#> $ clarity : Ord.factor w/ 8 levels "I1"<"SI2"<"SI1"<..: 2 3 5 4 2 6 7 3 4 5 ...
#> $ depth_pct: num [1:39739] 61.5 59.8 56.9 62.4 63.3 62.8 62.3 61.9 65.1 59.4 ...
#> $ table : num [1:39739] 55 61 65 58 58 57 57 55 61 61 ...
#> $ price : int [1:39739] 326 326 327 334 335 336 336 337 337 338 ...
#> $ x_length : num [1:39739] 3.95 3.89 4.05 4.2 4.34 3.94 3.95 4.07 3.87 4 ...
#> $ y_width : num [1:39739] 3.98 3.84 4.07 4.23 4.35 3.96 3.98 4.11 3.78 4.05 ...
#> $ z_depth : num [1:39739] 2.43 2.31 2.31 2.63 2.75 2.48 2.47 2.53 2.49 2.39 ...
```

Interpretable machine learning (IML) techniques like ALE should be applied not on training subsets nor on test subsets but on a final deployment model after training and evaluation. This final deployment should be trained on the full dataset to give the best possible model for production deployment. (When a dataset is too small to feasibly split into training and test sets, then the ale package has tools to appropriately handle such small datasets.

ALE is a model-agnostic IML approach, that is, it works with any kind
of machine learning model. As such, `{ale}`

works with any R
model with the only condition that it can predict numeric outcomes (such
as raw estimates for regression and probabilities or odds ratios for
classification). For this demonstration, we will use general additive
models (GAM), a relatively fast algorithm that models data more flexibly
than ordinary least squares regression. It is beyond our scope here to
explain how GAM works (you can learn more with Noam Ross’s excellent tutorial), but the
examples here will work with any machine learning algorithm.

We train a GAM model to predict diamond prices:

```
# Create a GAM model with flexible curves to predict diamond prices.
# (In testing, mgcv::gam actually performed better than nnet.)
# Smooth all numeric variables and include all other variables.
gam_diamonds <- mgcv::gam(
price ~ s(carat) + s(depth_pct) + s(table) + s(x_length) + s(y_width) + s(z_depth) +
cut + color + clarity,
data = diamonds
)
summary(gam_diamonds)
#>
#> Family: gaussian
#> Link function: identity
#>
#> Formula:
#> price ~ s(carat) + s(depth_pct) + s(table) + s(x_length) + s(y_width) +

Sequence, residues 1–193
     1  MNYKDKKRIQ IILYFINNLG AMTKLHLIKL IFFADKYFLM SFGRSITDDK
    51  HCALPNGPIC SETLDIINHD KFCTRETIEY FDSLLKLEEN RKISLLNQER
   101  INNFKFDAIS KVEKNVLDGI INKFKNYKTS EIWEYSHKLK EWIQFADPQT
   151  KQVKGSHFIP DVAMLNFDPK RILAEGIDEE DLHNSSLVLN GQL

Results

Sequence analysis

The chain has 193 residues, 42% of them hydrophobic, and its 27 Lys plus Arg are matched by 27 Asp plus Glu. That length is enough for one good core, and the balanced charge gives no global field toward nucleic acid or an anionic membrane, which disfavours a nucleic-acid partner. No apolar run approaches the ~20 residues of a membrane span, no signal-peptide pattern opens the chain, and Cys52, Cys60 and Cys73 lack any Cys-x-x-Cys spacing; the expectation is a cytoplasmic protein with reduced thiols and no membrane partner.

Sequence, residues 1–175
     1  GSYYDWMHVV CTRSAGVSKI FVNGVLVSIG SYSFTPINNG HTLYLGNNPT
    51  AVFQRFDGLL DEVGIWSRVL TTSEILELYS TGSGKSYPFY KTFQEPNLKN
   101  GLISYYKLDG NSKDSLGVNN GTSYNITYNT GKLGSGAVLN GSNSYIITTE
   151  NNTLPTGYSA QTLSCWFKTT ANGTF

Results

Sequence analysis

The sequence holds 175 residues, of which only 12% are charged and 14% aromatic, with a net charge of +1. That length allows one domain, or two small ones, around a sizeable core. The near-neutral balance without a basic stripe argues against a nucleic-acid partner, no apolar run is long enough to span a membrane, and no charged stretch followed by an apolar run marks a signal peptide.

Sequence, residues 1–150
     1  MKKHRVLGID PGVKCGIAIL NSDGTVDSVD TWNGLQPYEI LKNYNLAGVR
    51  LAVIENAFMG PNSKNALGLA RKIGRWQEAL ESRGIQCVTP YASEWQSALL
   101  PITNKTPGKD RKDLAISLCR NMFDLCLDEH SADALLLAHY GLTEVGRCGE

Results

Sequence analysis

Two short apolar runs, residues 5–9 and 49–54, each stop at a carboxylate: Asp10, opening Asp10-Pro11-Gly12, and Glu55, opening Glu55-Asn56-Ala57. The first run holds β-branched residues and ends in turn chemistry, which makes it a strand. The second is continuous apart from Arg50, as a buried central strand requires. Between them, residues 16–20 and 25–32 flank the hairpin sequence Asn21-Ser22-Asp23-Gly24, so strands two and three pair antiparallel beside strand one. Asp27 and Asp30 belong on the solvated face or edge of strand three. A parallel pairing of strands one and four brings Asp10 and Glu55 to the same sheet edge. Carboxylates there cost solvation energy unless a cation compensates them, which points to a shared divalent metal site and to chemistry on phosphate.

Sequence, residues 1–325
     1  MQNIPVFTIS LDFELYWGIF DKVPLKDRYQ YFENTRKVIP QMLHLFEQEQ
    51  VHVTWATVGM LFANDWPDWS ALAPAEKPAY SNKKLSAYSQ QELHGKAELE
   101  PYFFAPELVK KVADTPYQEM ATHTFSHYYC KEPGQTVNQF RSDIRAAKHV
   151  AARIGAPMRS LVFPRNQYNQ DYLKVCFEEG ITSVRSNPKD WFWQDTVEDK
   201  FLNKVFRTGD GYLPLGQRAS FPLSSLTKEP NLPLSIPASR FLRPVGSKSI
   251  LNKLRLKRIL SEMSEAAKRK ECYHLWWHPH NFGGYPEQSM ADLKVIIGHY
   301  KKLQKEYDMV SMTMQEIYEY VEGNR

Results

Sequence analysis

#> s(z_depth) + cut + color + clarity
#>
#> Parametric coefficients:
#> Estimate Std. Error t value Pr(>|t|)
#> (Intercept) 4436.199 13.315 333.165 < 2e-16 ***
#> cut.L 263.124 39.117 6.727 1.76e-11 ***
#> cut.Q 1.792 27.558 0.065 0.948151
#> cut.C 74.074 20.169 3.673 0.000240 ***
#> cut^4 27.694 14.373 1.927 0.054004 .
#> color.L -2152.488 18.996 -113.313 < 2e-16 ***
#> color.Q -704.604 17.385 -40.528 < 2e-16 ***
#> color.C -66.839 16.366 -4.084 4.43e-05 ***
#> color^4 80.376 15.289 5.257 1.47e-07 ***
#> color^5 -110.164 14.484 -7.606 2.89e-14 ***
#> color^6 -49.565 13.464 -3.681 0.000232 ***
#> clarity.L 4111.691 33.499 122.742 < 2e-16 ***
#> clarity.Q -1539.959 31.211 -49.341 < 2e-16 ***
#> clarity.C 762.680 27.013 28.234 < 2e-16 ***
#> clarity^4 -232.214 21.977 -10.566 < 2e-16 ***
#> clarity^5 193.854 18.324 10.579 < 2e-16 ***
#> clarity^6 46.812 16.172 2.895 0.003799 **
#> clarity^7 132.621 14.274 9.291 < 2e-16 ***
#> ---
#> Signif. codes: 0 '***' 0.001 '**' 0.01 '*' 0.05 '.' 0.1 ' ' 1
#>
#> Approximate significance of smooth terms:
#> edf Ref.df F p-value
#> s(carat) 8.695 8.949 37.027 < 2e-16 ***
#> s(depth_pct) 7.606 8.429 6.758 < 2e-16 ***
#> s(table) 5.759 6.856 3.682 0.000736 ***
#> s(x_length) 8.078 8.527 60.936 < 2e-16 ***
#> s(y_width) 7.477 8.144 211.202 < 2e-16 ***
#> s(z_depth) 9.000 9.000 16.266 < 2e-16 ***
#> ---
#> Signif. codes: 0 '***' 0.001 '**' 0.01 '*' 0.05 '.' 0.1 ' ' 1
#>
#> R-sq.(adj) = 0.929 Deviance explained = 92.9%
#> GCV = 1.2602e+06 Scale est. = 1.2581e+06 n = 39739
```

Before starting, we recommend that you enable progress bars to see how long procedures will take. Simply run the following code at the beginning of your R session:

```
# Run this in an R console; it will not work directly within an R Markdown or Quarto block
progressr::handlers(global = TRUE)
progressr::handlers('cli')
```

If you forget to do that, the `{ale}`

package will do it
automatically for you with a notification message.

`ale()`

function for generating ALE data and plotsThe core function in the `{ale}`

package is the
`ale()`

function. Consistent with tidyverse conventions, its
first argument is a dataset. Its second argument is a model object–any R